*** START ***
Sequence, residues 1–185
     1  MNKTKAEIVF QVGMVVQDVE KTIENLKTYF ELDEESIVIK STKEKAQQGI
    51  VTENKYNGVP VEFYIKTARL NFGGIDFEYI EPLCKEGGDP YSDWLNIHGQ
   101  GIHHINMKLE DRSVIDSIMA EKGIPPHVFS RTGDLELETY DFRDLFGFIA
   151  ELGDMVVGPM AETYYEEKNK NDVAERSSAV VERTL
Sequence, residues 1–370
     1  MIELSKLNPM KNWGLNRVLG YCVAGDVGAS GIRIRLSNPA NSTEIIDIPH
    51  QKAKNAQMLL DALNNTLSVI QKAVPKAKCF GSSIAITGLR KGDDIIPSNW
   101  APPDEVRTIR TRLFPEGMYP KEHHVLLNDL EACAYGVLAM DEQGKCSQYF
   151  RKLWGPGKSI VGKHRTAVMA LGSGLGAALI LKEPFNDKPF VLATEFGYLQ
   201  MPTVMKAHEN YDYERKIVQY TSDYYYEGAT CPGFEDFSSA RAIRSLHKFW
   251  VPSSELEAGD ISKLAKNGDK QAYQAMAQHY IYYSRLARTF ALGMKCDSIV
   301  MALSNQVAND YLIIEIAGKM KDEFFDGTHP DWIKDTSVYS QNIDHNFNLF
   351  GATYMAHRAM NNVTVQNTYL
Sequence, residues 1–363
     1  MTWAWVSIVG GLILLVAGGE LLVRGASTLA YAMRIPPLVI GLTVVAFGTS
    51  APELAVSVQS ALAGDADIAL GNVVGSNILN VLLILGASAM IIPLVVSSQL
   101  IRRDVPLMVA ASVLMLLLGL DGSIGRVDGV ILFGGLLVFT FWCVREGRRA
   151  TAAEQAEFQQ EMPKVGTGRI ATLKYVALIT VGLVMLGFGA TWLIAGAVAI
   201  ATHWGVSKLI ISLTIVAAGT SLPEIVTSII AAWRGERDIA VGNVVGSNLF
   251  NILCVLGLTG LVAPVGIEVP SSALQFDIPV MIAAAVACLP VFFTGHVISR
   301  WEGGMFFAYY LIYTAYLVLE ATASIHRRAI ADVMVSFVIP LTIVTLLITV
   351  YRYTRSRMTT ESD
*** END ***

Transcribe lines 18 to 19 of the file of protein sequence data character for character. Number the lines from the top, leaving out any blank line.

   101  IRRDVPLMVA ASVLMLLLGL DGSIGRVDGV ILFGGLLVFT FWCVREGRRA
   151  TAAEQAEFQQ EMPKVGTGRI ATLKYVALIT VGLVMLGFGA TWLIAGAVAI